Worst best, best awful, best worst…the point is that Deep Brain Stimulation (DBS) is the best that we have but it isn’t that great. There are many reasons why DBS is not the panacea for brain disorders–I only picked four. If you don’t already know what DBS is you can probably figure it out from the name…neurophysiologists and neurosurgeons take a wire, hook it up to a battery, and stick it into a dysfunctional region of a patient’s brain. It is surprisingly barbaric, though measurably more humane than its parent method, electroshock therapy–which is only a hop, skip, and a jump away from death by electric chair. The main problem with this type of criticism is that, in spite of whatever ethical breaches have led to the discovery of DBS as a therapy, it seems to work.
DBS has been used with meaningful success to treat a variety of conditions with some of the most notable including Parkinson’s disease, types of Dystonia and other special neuromuscular disorders, Epilepsy, and even severe depression. DBS stimulators are typically implanted in the chest (similar to a cardiac pacemaker) with a wire electrode fed up the neck, through the base of the skull, and directly into the focal point of the dysfunctioning tissue.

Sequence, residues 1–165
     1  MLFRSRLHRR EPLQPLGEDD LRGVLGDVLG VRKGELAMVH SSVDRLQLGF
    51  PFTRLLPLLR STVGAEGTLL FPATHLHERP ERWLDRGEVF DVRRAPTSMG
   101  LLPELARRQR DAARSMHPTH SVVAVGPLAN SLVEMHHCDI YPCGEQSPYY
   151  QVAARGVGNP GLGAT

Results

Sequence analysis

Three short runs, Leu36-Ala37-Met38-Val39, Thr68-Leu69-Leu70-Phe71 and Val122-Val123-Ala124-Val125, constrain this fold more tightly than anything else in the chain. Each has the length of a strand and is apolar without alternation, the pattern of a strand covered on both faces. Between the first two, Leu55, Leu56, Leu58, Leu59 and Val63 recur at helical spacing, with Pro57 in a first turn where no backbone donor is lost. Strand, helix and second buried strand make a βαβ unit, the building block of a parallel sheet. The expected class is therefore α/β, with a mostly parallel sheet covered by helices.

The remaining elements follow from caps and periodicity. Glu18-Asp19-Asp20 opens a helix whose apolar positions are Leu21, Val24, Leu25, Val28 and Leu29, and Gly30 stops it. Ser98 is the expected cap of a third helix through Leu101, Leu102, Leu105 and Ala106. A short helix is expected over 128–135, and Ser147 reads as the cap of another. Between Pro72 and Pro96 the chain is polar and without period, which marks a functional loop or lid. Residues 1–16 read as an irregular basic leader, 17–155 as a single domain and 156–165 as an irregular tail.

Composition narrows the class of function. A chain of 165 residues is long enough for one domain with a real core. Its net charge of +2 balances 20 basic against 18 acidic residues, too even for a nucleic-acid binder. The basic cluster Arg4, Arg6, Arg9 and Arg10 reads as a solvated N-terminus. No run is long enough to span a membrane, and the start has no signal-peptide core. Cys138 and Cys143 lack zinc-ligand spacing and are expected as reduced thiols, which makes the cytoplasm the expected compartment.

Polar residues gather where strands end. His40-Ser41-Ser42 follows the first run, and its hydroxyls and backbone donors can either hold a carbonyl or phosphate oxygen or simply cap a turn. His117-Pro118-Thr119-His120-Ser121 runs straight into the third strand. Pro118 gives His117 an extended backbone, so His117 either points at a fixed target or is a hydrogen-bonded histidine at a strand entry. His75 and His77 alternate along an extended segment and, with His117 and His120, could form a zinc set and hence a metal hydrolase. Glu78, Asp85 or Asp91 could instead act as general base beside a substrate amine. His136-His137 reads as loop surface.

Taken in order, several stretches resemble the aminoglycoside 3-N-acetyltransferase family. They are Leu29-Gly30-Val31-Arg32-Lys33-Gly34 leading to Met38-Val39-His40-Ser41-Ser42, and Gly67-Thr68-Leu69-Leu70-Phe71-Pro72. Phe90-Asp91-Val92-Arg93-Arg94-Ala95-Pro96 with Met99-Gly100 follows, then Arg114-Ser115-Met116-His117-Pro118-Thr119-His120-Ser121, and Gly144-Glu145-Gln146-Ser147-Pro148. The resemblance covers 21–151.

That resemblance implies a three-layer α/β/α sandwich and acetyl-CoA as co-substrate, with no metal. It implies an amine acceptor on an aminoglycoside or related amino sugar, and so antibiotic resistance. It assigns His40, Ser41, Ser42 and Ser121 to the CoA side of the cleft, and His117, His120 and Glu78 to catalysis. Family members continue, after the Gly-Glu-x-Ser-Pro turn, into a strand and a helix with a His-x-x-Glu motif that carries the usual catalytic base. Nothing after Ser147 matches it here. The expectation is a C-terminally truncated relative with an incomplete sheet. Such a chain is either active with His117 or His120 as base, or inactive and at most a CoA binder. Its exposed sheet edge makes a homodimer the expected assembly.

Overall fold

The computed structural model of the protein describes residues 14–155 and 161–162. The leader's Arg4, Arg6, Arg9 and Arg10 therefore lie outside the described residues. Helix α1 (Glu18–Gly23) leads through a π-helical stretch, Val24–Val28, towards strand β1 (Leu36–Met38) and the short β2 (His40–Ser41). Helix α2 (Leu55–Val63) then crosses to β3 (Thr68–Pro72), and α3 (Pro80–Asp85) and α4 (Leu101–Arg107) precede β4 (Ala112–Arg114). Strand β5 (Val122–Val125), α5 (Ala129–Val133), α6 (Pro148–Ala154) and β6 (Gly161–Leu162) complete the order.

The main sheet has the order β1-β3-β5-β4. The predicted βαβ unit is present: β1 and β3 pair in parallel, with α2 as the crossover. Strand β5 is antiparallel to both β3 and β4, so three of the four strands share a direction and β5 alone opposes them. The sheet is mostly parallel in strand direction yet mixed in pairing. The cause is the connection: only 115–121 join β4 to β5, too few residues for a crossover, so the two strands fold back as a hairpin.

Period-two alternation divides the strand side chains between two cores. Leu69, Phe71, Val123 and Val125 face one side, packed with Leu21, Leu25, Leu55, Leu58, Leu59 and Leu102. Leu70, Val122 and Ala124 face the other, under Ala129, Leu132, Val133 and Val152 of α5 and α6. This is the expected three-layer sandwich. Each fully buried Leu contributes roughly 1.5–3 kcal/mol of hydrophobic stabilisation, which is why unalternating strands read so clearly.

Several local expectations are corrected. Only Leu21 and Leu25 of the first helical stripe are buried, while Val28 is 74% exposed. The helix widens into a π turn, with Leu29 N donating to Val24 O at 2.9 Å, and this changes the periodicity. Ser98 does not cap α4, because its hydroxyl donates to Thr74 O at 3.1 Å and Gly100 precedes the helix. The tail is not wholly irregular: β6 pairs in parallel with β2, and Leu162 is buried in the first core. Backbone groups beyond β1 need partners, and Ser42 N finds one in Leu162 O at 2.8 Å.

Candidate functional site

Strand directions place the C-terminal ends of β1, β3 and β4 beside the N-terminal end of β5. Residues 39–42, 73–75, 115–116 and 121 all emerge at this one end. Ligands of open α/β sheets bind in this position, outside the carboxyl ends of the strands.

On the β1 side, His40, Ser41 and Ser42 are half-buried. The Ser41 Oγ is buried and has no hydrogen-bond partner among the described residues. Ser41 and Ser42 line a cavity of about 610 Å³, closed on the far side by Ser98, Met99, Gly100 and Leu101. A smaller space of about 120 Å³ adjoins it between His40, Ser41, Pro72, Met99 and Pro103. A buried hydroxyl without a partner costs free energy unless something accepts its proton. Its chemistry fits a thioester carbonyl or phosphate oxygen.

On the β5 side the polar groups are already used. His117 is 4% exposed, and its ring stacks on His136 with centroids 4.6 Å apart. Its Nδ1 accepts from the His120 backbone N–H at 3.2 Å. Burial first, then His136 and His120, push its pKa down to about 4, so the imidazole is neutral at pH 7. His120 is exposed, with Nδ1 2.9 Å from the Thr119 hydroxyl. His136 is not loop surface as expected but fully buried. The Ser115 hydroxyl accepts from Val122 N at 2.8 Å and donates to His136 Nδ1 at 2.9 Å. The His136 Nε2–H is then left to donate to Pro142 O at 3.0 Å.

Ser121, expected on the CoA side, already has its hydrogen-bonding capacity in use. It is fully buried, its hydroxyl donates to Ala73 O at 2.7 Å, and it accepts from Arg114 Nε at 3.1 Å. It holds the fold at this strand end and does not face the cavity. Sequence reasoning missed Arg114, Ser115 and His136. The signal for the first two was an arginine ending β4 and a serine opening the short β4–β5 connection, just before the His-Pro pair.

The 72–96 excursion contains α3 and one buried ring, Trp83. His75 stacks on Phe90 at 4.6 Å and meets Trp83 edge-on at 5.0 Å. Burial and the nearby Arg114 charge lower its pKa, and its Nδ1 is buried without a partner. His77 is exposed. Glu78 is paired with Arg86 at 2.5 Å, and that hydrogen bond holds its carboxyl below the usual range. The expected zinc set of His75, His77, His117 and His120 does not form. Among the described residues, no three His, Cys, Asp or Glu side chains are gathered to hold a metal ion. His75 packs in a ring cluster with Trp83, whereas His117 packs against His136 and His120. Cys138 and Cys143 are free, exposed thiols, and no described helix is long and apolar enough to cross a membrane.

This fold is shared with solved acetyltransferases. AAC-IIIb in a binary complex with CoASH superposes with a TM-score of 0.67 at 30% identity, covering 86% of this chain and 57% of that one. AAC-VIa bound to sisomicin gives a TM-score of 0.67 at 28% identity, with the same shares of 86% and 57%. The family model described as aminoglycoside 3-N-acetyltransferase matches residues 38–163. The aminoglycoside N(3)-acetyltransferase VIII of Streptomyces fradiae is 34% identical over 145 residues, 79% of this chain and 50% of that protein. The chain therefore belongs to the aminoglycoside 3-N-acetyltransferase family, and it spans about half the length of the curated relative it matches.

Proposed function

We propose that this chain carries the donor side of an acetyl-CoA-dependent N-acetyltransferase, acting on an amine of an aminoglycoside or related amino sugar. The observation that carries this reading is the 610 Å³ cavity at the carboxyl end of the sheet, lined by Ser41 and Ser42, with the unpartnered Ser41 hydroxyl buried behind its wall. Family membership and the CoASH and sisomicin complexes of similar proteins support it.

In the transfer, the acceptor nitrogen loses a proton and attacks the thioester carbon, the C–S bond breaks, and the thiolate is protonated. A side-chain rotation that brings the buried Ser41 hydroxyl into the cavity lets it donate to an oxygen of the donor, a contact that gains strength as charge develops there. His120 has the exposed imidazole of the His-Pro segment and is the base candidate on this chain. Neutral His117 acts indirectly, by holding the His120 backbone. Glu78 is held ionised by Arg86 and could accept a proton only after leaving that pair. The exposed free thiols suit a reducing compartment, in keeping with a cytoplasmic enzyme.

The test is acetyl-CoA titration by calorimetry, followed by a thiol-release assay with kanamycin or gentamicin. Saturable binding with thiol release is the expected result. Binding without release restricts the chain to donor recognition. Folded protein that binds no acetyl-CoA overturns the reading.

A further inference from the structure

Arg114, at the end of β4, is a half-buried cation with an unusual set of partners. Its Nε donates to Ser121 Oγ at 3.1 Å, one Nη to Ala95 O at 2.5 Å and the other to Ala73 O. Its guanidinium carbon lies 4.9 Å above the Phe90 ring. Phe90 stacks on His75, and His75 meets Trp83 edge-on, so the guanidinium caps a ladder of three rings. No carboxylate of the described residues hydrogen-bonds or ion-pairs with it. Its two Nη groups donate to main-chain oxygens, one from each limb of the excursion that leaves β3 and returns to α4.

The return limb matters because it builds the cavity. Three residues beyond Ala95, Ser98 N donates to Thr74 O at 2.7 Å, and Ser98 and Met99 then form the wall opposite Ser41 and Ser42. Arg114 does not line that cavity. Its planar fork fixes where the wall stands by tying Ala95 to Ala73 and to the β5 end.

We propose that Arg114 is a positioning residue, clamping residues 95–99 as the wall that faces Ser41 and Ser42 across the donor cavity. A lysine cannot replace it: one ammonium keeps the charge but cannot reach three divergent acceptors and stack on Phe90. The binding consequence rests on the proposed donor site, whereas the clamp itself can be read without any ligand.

Such a simple device that can and does work wonders can’t be without its flaws.
Some Of The Serious Problems
Brain tissue is more like paste than the spongy, sort of bouncy looking thing you see floating in formaldehyde–aside from neurons there are billions of other cells too. Supportive cells called glial cells are there for structure and to play several support functions; but there are also loads of immune system cells there to protect against infection and disease. When any foreign object is stuck into the brain these cells all congregate around it and stick to it in layers…this insulates the object from the vulnerable neurons in the area. Stimulating electrodes have a really short effective life in the brain because of the gunk that the body throws at them. Not only do the DBS devices stop working so well but this means that a DBS patient has to go under the knife every six-twelve months to have the electrode replaced.
2. Unintended Side-effects
With the current technology, it is impossible to activate a few neurons without also stimulating other neurons nearby. This makes sense…If you are hit by lightning and you are holding hands with your buddy, your buddy is hit by lightning too. Well, those other neurons are connected to other circuits that do other things…things you didn’t intend to do. Just to leave you with no excuses for getting my meaning, it just so happens that a strip of your brain that is responsible for helping you make sense of what you see is right next to a strip of your brain that is responsible for helping you coordinate your movements…if I were to electrically shock the one in an attempt to get you to see something, I could be unintentionally shocking the other, perhaps causing you to move spasmodically. It turns out that many brain circuits are interconnected and share real world functionality…this is especially true in the neocortex, where your decision making centers associate with your emotion centers, your sensory regions, as well as your motor regions.